High Resolution Oesophageal Manometry

  • Reference Number: HEY-820/2016
  • Departments: GI Physiology


This leaflet has been produced to give you general information about your forthcoming high resolution oesophageal manometry study. Most of your questions should be answered by this leaflet. It is not intended to replace the discussion between you and your doctor, but may act as a starting point for discussion. If after reading it you have any concerns or require further explanation, please discuss this with a member of the healthcare team caring for you or contact the Department of GI Physiology.

What is high resolution oesophageal manometry?

Following discussion with your doctor they advised that high resolution oesophageal manometry is performed.

High resolution oesophageal manometry is a test that measures the pressure activity within the oesophagus and the sphincters (ring like muscles which close a natural orifice or passage at either end of the oesophagus). The multi-pressure sensor catheter (tube) has sensors situated at 1cm intervals and allows for measurement along the entire length of the oesophagus and sphincters at each end simultaneously (please see diagram). This enables an assessment of how well the muscles in the oesophagus and the sphincters at either end are working and whether contractions within the oesophagus are coordinated.

High Resolution Manometry trace and the related anatomy of the oesophagus, sphincters and stomach:

What is high resolution oesophageal manometry
Diagram produced by the Hull & East Yorkshire Hospitals NHS Trust.

Why do I need high resolution oesophageal manometry?

The test provides valuable information regarding your condition and will help to decide what the best treatment is for you (practical advice, medication or surgery). Unfortunately, there are no other less invasive tests available that will give us this information.

Can there be any complications or risks?

The risk of causing serious harm to you with this test is very rare but may include bleeding or damage to your nose, throat, larynx (voice-box) or oesophagus, there is no published information on how often these problems occur but it is very rare. Occasionally people may feel dizzy whilst putting the tube into the oesophagus, a member of staff from the Department of GI Physiology will care for you during your test. You may commonly experience a runny nose, sore throat or slight discomfort on swallowing that usually goes away once the tube is removed.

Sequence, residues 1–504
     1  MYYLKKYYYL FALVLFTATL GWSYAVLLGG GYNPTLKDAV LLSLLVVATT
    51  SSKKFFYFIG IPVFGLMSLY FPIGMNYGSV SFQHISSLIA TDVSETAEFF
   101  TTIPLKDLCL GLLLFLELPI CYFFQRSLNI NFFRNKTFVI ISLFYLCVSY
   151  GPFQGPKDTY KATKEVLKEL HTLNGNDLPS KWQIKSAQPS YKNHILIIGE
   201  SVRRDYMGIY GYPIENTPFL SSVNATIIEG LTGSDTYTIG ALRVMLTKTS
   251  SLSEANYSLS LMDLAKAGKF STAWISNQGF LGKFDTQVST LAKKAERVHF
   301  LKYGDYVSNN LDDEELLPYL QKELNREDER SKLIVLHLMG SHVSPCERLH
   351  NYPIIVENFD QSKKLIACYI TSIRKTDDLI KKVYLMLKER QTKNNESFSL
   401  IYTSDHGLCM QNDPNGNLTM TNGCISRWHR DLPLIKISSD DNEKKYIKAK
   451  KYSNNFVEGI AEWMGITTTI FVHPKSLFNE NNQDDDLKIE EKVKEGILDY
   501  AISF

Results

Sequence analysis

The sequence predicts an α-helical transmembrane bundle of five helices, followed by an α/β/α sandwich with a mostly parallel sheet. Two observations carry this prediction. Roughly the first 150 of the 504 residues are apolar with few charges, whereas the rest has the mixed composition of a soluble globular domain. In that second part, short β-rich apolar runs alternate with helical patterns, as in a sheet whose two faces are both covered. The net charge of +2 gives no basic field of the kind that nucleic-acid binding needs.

How do I prepare for the high resolution oesophageal manometry study?

Please read this information leaflet carefully. Share the information it contains with your partner and family (if you wish) so that they can be of help and support.

If you are requesting ambulance transport, please contact your GP for details on how to book this. Ensure to tell the ambulance service  that your appointment is 30 minutes earlier than it is to allow time for transport delays, and remember to book transport for the following day for removal of the pH tube. Unfortunately late arrival at the hospital may mean that there is insufficient time to carry out the procedure resulting in its cancellation.

Do not have anything to eat or drink for 4 hours prior to the monitoring, although you may drink water up to 2 hours prior to the test. However, if you are diabetic, please continue with your normal diet.

If you are on any medication please continue to take it as usual.

What will happen?

Please attend the Department of GI Physiology, which is situated next to Ward 14 at Castle Hill Hospital.

You do not need to be accompanied by a family member or friend for this appointment and they will not be able to come into the room whilst you have the procedure performed. There is plenty of seating in the waiting area should you wish to bring someone with you for support.

A member of staff from the Department of GI Physiology will explain the procedure to you. This is to ensure that you understand the test and any implications. You will be asked to sign a consent form if you agree to have the procedure carried out. A member of staff from the Department of GI Physiology will then start the procedure.